Library Journal Review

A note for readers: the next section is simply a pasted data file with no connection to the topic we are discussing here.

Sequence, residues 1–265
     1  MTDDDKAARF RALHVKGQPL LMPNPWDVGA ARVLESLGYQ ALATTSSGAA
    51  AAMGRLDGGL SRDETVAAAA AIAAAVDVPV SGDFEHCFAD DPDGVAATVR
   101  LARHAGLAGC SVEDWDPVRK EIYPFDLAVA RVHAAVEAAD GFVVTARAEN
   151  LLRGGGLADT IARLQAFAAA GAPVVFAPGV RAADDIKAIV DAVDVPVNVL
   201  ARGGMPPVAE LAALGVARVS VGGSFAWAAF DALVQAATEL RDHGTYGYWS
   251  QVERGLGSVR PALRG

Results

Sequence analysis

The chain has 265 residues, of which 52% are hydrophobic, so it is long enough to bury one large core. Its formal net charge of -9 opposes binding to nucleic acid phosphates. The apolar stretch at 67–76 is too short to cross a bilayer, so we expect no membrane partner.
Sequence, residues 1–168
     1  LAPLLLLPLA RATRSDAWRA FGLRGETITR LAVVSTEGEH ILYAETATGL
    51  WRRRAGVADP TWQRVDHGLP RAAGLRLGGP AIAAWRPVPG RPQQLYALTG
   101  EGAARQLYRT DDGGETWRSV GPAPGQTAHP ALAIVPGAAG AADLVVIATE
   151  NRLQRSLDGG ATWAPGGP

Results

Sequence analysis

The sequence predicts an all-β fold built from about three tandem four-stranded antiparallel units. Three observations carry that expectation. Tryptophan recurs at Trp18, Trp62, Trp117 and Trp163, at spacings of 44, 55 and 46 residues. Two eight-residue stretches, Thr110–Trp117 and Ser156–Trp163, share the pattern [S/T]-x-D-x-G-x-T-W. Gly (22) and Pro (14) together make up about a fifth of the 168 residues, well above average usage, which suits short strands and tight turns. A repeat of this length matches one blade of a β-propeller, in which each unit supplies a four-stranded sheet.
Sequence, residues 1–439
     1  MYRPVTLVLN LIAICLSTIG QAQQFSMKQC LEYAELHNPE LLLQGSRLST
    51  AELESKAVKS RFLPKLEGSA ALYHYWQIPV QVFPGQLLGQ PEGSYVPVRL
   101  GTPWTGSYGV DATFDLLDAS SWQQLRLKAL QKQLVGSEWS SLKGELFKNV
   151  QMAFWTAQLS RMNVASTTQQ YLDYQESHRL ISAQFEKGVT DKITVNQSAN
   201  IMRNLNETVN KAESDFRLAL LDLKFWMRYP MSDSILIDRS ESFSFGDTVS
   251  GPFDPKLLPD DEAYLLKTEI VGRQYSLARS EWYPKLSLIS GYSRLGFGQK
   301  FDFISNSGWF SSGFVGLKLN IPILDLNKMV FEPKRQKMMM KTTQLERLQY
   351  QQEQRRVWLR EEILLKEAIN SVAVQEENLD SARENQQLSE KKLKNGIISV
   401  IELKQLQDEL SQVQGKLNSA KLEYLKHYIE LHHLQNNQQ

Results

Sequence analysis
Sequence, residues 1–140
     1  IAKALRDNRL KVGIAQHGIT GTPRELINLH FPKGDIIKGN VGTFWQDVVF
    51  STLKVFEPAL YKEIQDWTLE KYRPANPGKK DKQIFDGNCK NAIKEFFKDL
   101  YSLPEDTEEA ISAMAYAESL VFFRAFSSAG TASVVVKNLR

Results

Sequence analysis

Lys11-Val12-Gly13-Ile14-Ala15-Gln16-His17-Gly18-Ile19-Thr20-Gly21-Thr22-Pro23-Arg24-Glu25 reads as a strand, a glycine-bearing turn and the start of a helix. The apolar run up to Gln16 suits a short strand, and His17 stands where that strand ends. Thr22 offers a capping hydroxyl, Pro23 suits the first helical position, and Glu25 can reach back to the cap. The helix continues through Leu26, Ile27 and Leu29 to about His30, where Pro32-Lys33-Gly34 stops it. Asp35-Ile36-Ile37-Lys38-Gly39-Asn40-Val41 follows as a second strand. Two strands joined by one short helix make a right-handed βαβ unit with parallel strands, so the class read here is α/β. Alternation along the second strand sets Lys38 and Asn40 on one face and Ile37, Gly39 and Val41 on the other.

Hodgson, who is also a book designer, has published both novels (e.g., The Tatooed Map) and nonfiction (e.g., Italy Out of Hand). As always, she evocatively intertwines her design and verbal skills. There is the whiff of Proust here but the hands and heart of a practical rummager; her intellect, her reveries, and her well-traveled feet thread their way through the old markets and dusty shops of the cities she most favors for her adventures, made up as much of browsing as buying. She divides this heavily illustrated volume by city: London, Brussels, Paris, Rochefort, Naples, Budapest, Istanbul, Damascus, Aleppo, Aswan, Marrakech, Fex El-Djedid, Tangier, Shanghai, Stanley, Los Angeles, Portland, and Vancouver. Hodgson is a crusader for the fragile relics of the past, whether understood or mystifying. To reassure us that there is no pretension here, she calls the gatherings "old stuff," wearing her erudition lightly as she examines particular objets trouvés even as she questions the whys and wherefores of her fascination with orphaned ephemera. Readers will feel themselves tripping along after her, charmed as she picks up a long-ago discarded passport and half-imagines, half-explains the travels that the document surely knew. She writes beautifully: "I savor the taste of age and leave with threads from torn bindings clinging to my hair." Highly recommended for armchair travel and material culture collections.—Margaret Heilbrun, Library Journal